It’s a funny thing to have a family of dancers.  Seraphina saw one of those photos above and casually said, “That Galen flying.” As if one of her siblings taking to flight is the most natural and expected thing in world.

I just started reading Tove Jansson’s The Summer Book.  It seemed fitting.  Recital season is over and now the summer begins in earnest. We had our first pond trip of the year.

I’ve been knitting little toddler socks. The Violet-Girl needs socks and I thought that if I used bits of yarn leftover from other projects and knit a pair here and there over the summer, by autumn she could have a nice little stash of them tucked away.

I was asked about a recipe for the chicken soup in this post.  I’m afraid I don’t really have a recipe!  I never do for things like soup.  It just cut up whatever veggies I have about that sound good.  Usual for this sort of soup would be carrots, onions, celery, yam is nice, parsnips, perhaps some turnips or Jerusalem artichokes, maybe some cauliflower.  Add the chopped up veggies to chopped up chicken, cover with home-made broth (that part is important, it makes all the difference in the world), add some freshly crushed garlic or finely chopped garlic leaves and let it simmer until everything is soft.  At the very end I’d add in lots of greens, kale in this case.  Salt to taste.  For this particular soup I stirred in coconut milk and lime juice after everything was cooked.  Fresh cilantro makes a nice addition as well.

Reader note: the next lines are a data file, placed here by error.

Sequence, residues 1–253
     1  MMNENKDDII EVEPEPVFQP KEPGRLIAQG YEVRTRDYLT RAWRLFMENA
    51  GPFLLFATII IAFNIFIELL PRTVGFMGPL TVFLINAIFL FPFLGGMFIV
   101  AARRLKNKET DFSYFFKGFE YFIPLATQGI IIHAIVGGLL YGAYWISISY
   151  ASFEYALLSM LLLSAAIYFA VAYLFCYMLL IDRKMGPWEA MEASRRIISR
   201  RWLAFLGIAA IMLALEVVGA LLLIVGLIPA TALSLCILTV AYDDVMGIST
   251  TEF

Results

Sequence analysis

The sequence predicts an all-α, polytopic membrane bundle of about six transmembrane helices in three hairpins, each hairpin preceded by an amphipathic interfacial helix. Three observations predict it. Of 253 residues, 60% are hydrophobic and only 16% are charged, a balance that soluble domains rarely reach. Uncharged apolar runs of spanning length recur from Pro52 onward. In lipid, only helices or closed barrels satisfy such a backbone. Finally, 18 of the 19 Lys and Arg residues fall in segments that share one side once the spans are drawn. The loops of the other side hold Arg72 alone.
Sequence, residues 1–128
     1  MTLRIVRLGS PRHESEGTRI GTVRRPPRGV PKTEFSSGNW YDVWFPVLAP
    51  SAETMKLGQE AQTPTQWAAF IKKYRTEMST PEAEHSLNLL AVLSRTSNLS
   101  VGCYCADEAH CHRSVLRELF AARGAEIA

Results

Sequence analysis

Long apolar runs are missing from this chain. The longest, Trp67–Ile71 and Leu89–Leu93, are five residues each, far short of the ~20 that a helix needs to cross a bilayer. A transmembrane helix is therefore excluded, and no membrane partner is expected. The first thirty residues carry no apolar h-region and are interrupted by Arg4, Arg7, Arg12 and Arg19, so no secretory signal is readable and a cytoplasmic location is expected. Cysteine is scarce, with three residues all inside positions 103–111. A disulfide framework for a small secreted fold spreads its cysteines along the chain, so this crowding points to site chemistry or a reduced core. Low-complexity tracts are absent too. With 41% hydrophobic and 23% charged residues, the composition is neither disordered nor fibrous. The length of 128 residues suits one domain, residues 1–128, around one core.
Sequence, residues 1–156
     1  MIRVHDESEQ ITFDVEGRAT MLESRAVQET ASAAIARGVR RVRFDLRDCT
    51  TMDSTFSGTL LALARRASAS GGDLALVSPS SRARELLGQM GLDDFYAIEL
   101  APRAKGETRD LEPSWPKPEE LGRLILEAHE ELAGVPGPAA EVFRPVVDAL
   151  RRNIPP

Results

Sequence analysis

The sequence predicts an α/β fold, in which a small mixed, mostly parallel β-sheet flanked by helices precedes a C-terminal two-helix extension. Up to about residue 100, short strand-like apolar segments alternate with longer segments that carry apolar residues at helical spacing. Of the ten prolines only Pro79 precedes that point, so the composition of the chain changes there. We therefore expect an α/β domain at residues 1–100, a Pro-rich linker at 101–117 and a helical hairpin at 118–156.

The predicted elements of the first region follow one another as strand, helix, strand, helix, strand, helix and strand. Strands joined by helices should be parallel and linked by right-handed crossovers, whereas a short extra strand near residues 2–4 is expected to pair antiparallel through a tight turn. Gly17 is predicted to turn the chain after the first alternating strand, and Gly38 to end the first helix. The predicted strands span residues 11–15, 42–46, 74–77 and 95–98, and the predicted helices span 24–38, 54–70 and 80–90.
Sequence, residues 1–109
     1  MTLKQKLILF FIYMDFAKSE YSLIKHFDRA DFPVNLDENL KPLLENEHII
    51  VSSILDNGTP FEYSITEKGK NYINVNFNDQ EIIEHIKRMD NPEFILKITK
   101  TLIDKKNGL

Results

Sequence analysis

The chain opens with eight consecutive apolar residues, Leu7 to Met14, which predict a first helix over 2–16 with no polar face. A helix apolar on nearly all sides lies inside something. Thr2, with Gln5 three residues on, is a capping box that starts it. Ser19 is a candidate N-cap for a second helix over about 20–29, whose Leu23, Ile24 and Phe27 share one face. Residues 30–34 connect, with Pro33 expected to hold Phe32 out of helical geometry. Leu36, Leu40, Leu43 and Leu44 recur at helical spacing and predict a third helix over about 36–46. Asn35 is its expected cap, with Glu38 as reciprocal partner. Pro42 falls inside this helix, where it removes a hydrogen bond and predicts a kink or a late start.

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Summer Solstice

The children found a fallen and abandoned nest in the woods, nothing very out of the ordinary about that, but this one happens to be lined with a lock of Mairi Rose’s hair!

Breakfast fixin’s from the garden: garlic scapes, onion tops, sweet thyme, mint, pineapple sage and regular sage to season our sausage patties.  Lemon balm for tea.  Once the sausages were cooked I tossed all the greens from the bottom of the basket; collards, kale and the last of the bolting spinach, in the pan with the juices, added a bit of broth, then covered them and steamed.

 

We usually have a Solstice celebration.  Last week I was thinking about how I wanted to do something special, but I never really got beyond that thought.  The day of, on my way up to put the baby down for a nap, I told them all to come up with a plan while I was away.